Welcome to #BizUnited, a new series highlighting innovative partnerships between large companies and smaller businesses across America. Check back periodically for new installments.
The big data revolution is well underway in the healthcare industry, where we have access to more information than ever before. But what do you do with all that data once you get it?
That’s the problem Drew Schiller, co-founder of Validic, is looking to solve.
From Fitbits to smart health monitors, patients are generating more health-related data all the time. But that doesn’t always mean doctors will be able to use it.
“Much of the critical patient data that doctors rely on to make clinical decisions oftentimes aren’t available or aren’t accurate,” the Durham, N.C.-based entrepreneur said. “In fact, approximately 90 percent of medical devices in the hands of patients with chronic conditions today are inaccessible through conventional technology.”
That’s a problem, especially given the fact that the sheer volume of healthcare data is growing at an astronomical rate: 153 exabytes were produced in 2013 (one exabyte = one billion gigabytes). And that is forecast to grow by 48 percent annually to more than 2,314 exabytes by 2020, according to Stanford University.
But in that challenge, Schiller saw opportunity. There is no shortage of healthcare devices in use in hospitals and homes around the country. “All of these devices almost universally have a screen that displays a [health metric] number or readout to the patient,” Schiller said. “I thought, I can deposit a check with my thumb by just scanning the check [with a smartphone] and just sending it off to my bank. Why can’t I do the same thing with my medical device?”
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Doing so effectively makes the data usable, keeping already time-crunched doctors from having to page through reams of raw data to locate relevant trends and patterns.
Today, the 200-plus-employee healthech startup seamlessly connects patient-generated data from apps, wearables and in-home medical devices to the greater healthcare system using its pioneering data connectivity platform. And the company’s software connects with more than 400 devices, wearables and healthcare apps from more than 223 million people, helping to improve health, mitigate risk and streamline cost. That’s saving healthcare professionals time while giving them a better and simpler way to understand patient health and habits.
It was that technology – along with the potential to uncover hidden health insights — that that spurred a partnership with Microsoft. Validic it is helping the tech stalwart generate key new insights about patient health. Its technology is integrated with Microsoft’s HealthVault Insights, a research-based project that uses big data to generate deeper patient insights. The ability to connect to clinical and consumer devices that Validic already has access to will help Microsoft create visibility and contextualize health data — including trends and correlations from everyday activities and behaviors.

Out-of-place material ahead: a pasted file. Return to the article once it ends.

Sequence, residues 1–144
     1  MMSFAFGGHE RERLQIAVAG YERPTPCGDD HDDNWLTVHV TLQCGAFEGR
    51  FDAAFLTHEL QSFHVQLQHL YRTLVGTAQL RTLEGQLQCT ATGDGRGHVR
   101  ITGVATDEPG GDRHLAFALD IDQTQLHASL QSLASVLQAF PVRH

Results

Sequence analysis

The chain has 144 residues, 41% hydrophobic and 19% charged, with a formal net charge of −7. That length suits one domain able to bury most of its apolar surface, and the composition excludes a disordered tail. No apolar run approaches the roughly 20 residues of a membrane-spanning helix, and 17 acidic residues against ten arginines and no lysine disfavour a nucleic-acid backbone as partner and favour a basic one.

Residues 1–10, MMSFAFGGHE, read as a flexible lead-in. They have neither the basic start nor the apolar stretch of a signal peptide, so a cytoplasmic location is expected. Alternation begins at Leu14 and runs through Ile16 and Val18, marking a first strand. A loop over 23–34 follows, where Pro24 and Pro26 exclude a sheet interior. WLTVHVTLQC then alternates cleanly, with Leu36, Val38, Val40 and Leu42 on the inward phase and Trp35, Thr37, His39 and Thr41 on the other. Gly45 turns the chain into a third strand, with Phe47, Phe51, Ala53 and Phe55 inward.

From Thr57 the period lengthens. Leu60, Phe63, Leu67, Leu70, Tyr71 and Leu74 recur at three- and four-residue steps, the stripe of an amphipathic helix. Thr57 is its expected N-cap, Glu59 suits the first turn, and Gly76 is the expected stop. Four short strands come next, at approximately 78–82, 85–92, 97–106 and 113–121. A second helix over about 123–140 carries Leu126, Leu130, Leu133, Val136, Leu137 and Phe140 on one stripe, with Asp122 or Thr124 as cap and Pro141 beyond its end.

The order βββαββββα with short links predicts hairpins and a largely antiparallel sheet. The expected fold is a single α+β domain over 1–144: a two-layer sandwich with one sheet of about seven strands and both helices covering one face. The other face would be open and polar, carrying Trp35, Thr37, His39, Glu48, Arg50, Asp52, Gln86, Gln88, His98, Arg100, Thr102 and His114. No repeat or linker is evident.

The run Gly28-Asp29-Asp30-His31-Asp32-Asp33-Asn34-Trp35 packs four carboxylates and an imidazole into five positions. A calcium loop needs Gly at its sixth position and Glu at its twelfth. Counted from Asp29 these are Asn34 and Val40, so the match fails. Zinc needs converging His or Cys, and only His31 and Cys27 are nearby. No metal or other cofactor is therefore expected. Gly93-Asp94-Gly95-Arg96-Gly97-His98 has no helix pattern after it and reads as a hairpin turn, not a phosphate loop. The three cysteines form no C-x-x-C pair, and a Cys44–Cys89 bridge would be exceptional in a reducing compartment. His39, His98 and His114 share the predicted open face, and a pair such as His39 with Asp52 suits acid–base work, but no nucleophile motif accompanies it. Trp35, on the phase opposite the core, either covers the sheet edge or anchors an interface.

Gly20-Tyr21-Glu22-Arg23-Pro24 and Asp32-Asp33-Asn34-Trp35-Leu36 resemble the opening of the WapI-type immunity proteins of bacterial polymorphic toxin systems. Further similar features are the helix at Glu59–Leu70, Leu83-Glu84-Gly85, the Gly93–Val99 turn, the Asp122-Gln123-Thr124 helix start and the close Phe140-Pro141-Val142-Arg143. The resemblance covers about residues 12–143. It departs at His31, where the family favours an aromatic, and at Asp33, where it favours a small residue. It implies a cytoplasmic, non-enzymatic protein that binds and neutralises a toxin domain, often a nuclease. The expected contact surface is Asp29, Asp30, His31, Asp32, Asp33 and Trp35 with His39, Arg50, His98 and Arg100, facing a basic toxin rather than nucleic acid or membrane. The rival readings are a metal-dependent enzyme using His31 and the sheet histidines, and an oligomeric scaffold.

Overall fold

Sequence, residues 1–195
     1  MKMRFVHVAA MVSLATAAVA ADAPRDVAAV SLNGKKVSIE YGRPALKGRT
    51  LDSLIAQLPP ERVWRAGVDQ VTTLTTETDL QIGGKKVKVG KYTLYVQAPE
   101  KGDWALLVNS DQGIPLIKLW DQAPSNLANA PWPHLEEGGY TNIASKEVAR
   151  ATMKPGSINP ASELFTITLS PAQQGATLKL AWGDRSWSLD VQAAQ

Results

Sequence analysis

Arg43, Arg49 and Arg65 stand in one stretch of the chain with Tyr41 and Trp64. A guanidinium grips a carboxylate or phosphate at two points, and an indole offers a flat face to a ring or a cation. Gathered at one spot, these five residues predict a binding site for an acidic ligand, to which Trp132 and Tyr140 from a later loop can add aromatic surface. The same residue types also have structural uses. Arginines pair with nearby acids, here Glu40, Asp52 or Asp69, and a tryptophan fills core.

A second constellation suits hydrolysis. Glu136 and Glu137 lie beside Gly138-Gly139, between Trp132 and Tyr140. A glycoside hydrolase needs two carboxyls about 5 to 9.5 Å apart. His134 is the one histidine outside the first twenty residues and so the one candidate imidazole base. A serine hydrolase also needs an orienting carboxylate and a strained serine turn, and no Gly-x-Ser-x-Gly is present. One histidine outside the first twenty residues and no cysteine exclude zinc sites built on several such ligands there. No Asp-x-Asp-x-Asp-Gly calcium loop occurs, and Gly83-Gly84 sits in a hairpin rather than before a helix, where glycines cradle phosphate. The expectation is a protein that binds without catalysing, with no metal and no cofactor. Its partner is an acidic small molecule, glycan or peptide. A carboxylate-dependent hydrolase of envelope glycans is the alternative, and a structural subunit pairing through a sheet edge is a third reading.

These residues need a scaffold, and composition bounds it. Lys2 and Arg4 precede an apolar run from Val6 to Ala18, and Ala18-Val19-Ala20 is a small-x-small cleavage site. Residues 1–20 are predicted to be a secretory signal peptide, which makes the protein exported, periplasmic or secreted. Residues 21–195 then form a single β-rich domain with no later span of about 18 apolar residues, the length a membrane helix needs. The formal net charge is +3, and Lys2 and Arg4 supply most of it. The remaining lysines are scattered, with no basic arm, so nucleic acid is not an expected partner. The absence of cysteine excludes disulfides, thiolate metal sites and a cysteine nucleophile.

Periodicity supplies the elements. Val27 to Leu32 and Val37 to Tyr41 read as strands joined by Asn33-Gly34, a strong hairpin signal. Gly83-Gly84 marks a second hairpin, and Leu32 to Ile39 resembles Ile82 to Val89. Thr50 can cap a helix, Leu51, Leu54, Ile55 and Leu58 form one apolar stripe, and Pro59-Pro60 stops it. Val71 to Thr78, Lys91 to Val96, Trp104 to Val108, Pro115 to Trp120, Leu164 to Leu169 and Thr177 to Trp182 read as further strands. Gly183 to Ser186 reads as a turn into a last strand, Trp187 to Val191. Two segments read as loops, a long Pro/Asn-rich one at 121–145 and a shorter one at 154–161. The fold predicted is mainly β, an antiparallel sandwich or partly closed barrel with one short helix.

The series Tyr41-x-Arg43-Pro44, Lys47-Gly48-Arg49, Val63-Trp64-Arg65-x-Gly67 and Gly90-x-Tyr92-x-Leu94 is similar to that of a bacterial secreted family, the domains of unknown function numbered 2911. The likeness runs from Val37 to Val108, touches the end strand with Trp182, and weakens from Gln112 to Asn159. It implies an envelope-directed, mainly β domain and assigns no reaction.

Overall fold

How Validic’s Tech Works
Using Validic’s unique VitalSnap medical data-capturing technology, patients hold their phones over their medical device, and snap a picture of the health metric they need to share with their doctor. In the case of a diabetes patient, they would capture an image of their blood glucose reading on a blood glucose meter and use VitalSnap to send it immediately to their healthcare provider. The goal: Faster, more accurate management of chronic medical conditions, such as diabetes, cancer or chronic obstructive pulmonary disease (COPD), and many others.
For Microsoft’s part, the Redmond, Wash.-based legacy tech leader gains a critical connection to a wealth of medical device-sourced patient data that, without Validic’s proprietary backend technology, might otherwise be particularly challenging, time-consuming and costly to cull.
Doctors, on the other hand, can leverage the innovative system to remotely view patient progress and overall health.
“Validic provides a core data channel for HealthVault Insights, enabling device data connectivity to hundreds of devices,” Heather Jordan Cartwright, Microsoft’s general manager of artificial intelligence and research said. “This collaboration helps us continue to build a seamless experience for the patient while providing unique insights to the care team.”
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For the growing small company’s part, it has significantly amplified its reach and brand validity by partnering with one of America’s most iconic innovators, effectively getting Microsoft’s seal of approval.
“Validic provides the scalable infrastructure needed to acquire a broad range of data for millions of patients,” Schiller said. “With a vision for a healthcare system built around intelligent insights, we are excited for this opportunity with Microsoft to improve care management and delivery in a way that benefits providers and patients.”
The startup, which counts billionaire Mark Cuban as an early investor as well as venture funds such as Greycroft Ventures, SJF Ventures and Kaiser Permanente Ventures, is also working to provide digital patient data solutions for Kaiser Permanente, Johnson & Johnson, Panasonic, Philips and more.
“We are fortunate to work with multinational corporations like this, as well as with local startups,” Schiller said. “We want to connect patients to providers regardless of the size and scope of a company.”
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